Two antennas on my Kiwi SDR
edited December 2020 in Installation, Antennas and Interference
Presently, I'm using a president Himalaya vertical on my Kiwi SDR. The vertical works really well down to around 20 m. However, it's not so great on 40 and below. I have got a disc cone antenna on my AOR 8600 communications receiver and that receives very well right down to 80 m. So recently I purchased a diamond antenna splitter with the plan of putting both receivers onto the one antenna. However, what would happen if I put two antennas onto the Kiwi SDR? Would the radio not be able to differentially between the two, or would it favour one particular antenna depending on the band?
You'd get phase cancellation on some signals and end up weaking on those.
OK to start off the discone at lower than it's designed frequency is probably not working in a particularly well controlled mode, I.E. it might not work that same on the Kiwi. It is probably acting as a vertical using the feed so will be hard to tame on the Kiwi (IMHO).
I'd try to make a proper HF antenna. Long wire, end fed or (assuming UK level of noise) an active loop.
Then if you really want to combine the two and just want to test for a few quid, just stick the Himalaya behind a Satellite splitter then to a plain T-Piece on the Kiwi.
Satellite splitters The most common types in the UK anyway) pass only above about 7MHz in my experience (the ones that say good for 5MHz and above).
I'm not saying that is a long term solution but I learnt a fair bit by doing just that with HF + 11/10m antennas.
This is the antenna splitter I have purchased. I've made sure that it is a wideband receiving splitter so it should work for all the frequencies the Kiwi covers.
I did purchase a high end fed SWR antenna a few months ago that works very well. However, it wasn't so good on 10 m if people wanted to test the CB and 10 m frequencies locally. I've actually gained quite a lot of people locally who like to use my Kiwi SDR as a means of testing the signal. So I want to keep my vertical working on the Kiwi.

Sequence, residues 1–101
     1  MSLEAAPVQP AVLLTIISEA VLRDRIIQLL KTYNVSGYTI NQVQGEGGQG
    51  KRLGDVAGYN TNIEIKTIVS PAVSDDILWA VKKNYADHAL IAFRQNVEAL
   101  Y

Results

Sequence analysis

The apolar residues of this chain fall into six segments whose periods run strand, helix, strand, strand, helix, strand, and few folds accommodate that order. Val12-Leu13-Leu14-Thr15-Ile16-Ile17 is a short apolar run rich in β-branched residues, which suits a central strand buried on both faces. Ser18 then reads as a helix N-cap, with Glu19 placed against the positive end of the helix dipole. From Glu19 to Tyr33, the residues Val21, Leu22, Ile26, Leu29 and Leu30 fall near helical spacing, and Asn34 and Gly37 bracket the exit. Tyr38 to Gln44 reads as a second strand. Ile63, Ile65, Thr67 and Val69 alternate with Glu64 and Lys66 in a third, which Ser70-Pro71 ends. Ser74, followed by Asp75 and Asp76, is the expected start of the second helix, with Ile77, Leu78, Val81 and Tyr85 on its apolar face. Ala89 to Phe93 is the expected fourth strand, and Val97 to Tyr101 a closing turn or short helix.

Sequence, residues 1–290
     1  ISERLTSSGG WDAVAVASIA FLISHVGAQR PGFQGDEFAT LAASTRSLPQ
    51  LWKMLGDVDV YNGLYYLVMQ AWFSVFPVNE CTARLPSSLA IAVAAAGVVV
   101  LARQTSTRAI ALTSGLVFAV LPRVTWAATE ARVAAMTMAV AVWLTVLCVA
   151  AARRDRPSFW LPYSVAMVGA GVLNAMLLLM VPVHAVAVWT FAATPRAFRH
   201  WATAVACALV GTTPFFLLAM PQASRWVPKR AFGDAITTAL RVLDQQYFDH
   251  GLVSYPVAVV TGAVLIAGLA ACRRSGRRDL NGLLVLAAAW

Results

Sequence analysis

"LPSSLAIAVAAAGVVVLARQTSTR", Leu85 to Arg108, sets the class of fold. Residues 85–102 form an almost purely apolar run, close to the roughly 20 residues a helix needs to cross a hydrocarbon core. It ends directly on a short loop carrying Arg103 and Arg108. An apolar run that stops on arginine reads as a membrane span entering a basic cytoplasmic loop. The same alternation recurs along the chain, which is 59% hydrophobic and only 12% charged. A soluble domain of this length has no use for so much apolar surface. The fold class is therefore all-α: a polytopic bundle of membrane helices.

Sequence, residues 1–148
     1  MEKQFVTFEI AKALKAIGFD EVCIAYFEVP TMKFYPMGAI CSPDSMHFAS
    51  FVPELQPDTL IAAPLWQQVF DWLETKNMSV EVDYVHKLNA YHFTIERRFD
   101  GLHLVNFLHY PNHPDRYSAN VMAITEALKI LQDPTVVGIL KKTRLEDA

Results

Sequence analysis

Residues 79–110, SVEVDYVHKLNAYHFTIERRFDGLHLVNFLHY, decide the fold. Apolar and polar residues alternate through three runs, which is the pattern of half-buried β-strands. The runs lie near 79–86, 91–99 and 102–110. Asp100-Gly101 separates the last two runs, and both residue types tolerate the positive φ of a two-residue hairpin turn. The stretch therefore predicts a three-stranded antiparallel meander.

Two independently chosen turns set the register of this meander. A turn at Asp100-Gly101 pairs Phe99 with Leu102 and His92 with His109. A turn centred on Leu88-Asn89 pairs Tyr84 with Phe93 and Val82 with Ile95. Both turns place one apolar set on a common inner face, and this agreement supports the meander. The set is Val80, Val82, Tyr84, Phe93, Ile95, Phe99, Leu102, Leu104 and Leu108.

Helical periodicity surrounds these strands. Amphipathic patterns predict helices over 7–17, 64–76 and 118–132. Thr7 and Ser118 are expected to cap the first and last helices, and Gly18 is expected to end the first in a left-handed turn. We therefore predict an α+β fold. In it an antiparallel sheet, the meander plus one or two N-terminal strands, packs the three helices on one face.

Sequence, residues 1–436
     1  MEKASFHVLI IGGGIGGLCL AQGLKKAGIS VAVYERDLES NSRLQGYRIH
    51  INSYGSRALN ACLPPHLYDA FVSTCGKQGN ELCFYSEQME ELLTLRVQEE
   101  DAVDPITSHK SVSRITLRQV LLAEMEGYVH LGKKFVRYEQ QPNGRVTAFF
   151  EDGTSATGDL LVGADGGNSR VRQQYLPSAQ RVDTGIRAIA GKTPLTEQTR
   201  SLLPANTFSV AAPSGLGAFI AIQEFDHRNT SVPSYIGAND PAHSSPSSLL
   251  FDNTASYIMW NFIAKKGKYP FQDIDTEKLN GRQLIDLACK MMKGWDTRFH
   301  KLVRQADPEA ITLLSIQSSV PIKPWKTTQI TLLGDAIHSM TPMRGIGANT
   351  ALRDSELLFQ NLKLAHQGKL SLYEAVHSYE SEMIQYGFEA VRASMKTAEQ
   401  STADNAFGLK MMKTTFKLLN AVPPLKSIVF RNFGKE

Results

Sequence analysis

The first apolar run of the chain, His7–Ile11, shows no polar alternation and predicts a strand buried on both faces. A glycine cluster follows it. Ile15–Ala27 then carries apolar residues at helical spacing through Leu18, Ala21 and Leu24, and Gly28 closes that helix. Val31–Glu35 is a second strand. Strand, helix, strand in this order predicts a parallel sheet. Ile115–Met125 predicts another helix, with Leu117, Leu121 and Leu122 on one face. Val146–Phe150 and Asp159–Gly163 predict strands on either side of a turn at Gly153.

As Jim says you can't reliably just add two antennas with a splitter covering the same frequencies.
The reason I said use a satellite splitter in there to to specifically avoid feeding the lower end of the HF spectrum from the vertical (including the noise), ideally you want to do the opposite with the HF here I found it had so little signal from the HF it worked OK (little signal to conflict).
Here I use a Kiwi for the vertical and share the HF antenna between other Kiwi and one other device using just resistive dividers.
Okay, so I may be better off purchasing a second Kiwi that is just dedicated to 10/11 & 10 m? Since the president Himalaya is a tri-band vertical covering these bands. I'm assuming that you can program the Kiwi so that when people open it up they only have a choice of these three bands?
I have a kiwi per antenna and don't try to limit the coverage other than by advising users of the best range.
see http://www.jimlill.com:8073 and http://www.jimlill.com:8075
at the moment 8075 is on the same antenna as its own antenna is under maintenance.
If you can afford another one I'd definitely go that route.
I gave up sharing my CB vertical because I have only a limited number of users in the day and when I had the CB up (on a different port) they would seemingly select whatever Kiwi was last listed (I assume from the Map?), so I'd see people trying LW, MW, 160 and 80m on the CB vertical before leaving and no activity on the one that actually could get reception there. I tried all sorts of things like calling it CB Vertical.. but still people don't read the name, frequency cover or description.
You are coming in from the other way, users expect to be able go get to the vertical so would at least still get some reception if they got the sdr wrong.
It would be great to have a pop up like "for this frequency try http://this-sdr-but-other-port"
See my systems... look at top of screen